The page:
Faye McGuire


Faye McGuire
Faye McGuire

Why study pre-occupational therapy at a liberal arts college?

A liberal arts education has allowed me to take classes across multiple disciplines, which has expanded my foundation of knowledge and set me apart from other occupational therapy graduate school applicants. A well-rounded education has shaped my global perspective and entire character. Rather than only my major and prerequisite classes, I have been challenged (to) draw connections between humanities, natural science, social science, ethics and intercultural classes. The skills I have developed and practiced through the liberal arts core curriculum have translated to other classes and influenced the type of learner I am. By engaging in critical thinking and discussion-based classes, my liberal arts education has given me a solid foundation for graduate school and beyond.

What makes the pre-occupational therapy program at CSB/SJU unique?

CSB/SJU prepares pre-occupational therapy students extremely well to be successful in their academic and professional futures. Students have the opportunity to work closely with a faculty adviser, who sets students on a clear track through their four years at CSB/SJU. As a first year, I met with my adviser to make a four-year plan in order to fit all my prerequisite classes. I was able to fit all my prerequisite courses, major courses (IHS major), minor courses (psychology minor), core curriculum courses and studied abroad for a semester. The CSB/SJU pre-occupational therapy program allows students to be extremely flexible, which makes it manageable to attain all of the graduate school prerequisite courses within four years. 

There are opportunities for pre-occupational therapy students to connect with Bennie/Johnnie alumnae/i and learn about graduate school application process. The Allied Health Club, which I was involved in during my time at CSB, is a student run educational organization that organizes events to help students learn more about graduate school options and career. This can be extremely helpful for students to learn more about the profession, discover ways to best prepare them for their future, and meet other students interested in a similar area of study.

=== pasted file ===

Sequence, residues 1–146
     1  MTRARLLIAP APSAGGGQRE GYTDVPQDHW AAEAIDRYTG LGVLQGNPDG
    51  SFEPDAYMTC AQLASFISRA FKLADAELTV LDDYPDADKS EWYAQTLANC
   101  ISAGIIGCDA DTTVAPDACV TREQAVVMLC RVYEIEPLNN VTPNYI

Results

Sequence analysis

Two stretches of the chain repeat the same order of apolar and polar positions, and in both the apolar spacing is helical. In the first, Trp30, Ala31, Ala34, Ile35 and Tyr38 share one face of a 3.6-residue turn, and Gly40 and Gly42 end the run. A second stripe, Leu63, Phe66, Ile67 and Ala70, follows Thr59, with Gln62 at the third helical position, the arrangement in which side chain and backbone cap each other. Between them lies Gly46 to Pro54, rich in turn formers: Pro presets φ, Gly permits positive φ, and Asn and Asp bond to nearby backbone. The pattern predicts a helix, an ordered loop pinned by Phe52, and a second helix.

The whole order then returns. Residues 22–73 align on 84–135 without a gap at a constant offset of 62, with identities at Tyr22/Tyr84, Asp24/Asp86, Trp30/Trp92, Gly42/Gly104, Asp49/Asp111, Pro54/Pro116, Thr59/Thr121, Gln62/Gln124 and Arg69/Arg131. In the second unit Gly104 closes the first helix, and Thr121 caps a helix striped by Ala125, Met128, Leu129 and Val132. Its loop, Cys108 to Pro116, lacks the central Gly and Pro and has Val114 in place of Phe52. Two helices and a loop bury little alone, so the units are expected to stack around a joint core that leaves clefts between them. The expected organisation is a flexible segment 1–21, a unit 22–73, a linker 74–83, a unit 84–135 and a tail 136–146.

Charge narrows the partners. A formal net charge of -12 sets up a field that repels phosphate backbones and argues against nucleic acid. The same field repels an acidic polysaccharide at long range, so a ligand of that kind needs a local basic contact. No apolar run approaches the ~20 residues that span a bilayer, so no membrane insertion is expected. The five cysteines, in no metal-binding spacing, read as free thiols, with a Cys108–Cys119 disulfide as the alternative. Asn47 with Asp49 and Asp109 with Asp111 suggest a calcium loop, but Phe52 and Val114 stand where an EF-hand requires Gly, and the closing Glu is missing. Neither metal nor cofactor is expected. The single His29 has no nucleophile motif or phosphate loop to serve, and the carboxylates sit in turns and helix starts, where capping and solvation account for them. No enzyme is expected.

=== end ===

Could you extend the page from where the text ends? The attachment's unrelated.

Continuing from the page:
What has your experience with the CSB/SJU pre-occupational therapy program faculty been like?

One of the best things about the pre-occupational therapy program at CSB/SJU is the faculty. My adviser, Don Fischer, has been extremely helpful throughout my entire four years. He, along with other CSB/SJU faculty, has gone out of his way to do everything in his power to set me up for success. From finding volunteer/shadowing opportunities, to answering questions about the grad school application process, to creating a successful plan for coursework, to writing me a letter of recommendation for graduate school applications, Don has been an excellent resource and supported me along every step of my journey. 

What has been one of the greatest challenges you have faced?

One of the greatest challenges I have faced has been finding a balance between classes, work and extracurricular activities. Some semesters my schedule has been extremely busy, which can be overwhelming and makes it difficult to manage time. When it seems impossible to get through a week with exams, work commitments, etc., it always ends up working out. No matter how packed my schedule seems, I am grateful for the skills it has made me develop. Looking back at the past four years, I have made substantial improvements in time management skills.

What advice do you have for students considering the pre-occupational therapy program?

I would recommend that students spend a lot of time volunteering/shadowing in an occupational therapy setting to gain as much experience as possible! This is not only something that will set apart your application for graduate school, but it will help you decide if occupational therapy is the right path for you. Try to gain experience in as many different areas of occupational therapy as you can, this is your chance, as an undergrad student, to try something new and learn as much as you can. At any opportunity that is presented to you, give it a try. You might not think you would like working in a particular area, participating in a research opportunity, or volunteering in an unfamiliar setting, but you may be surprised!

What are your plans for after you graduate from CSB/SJU, and what are plans after graduate school?

I plan to pursue a doctor of occupational therapy at St. Catherine University (in St. Paul, Minnesota) beginning in summer 2019!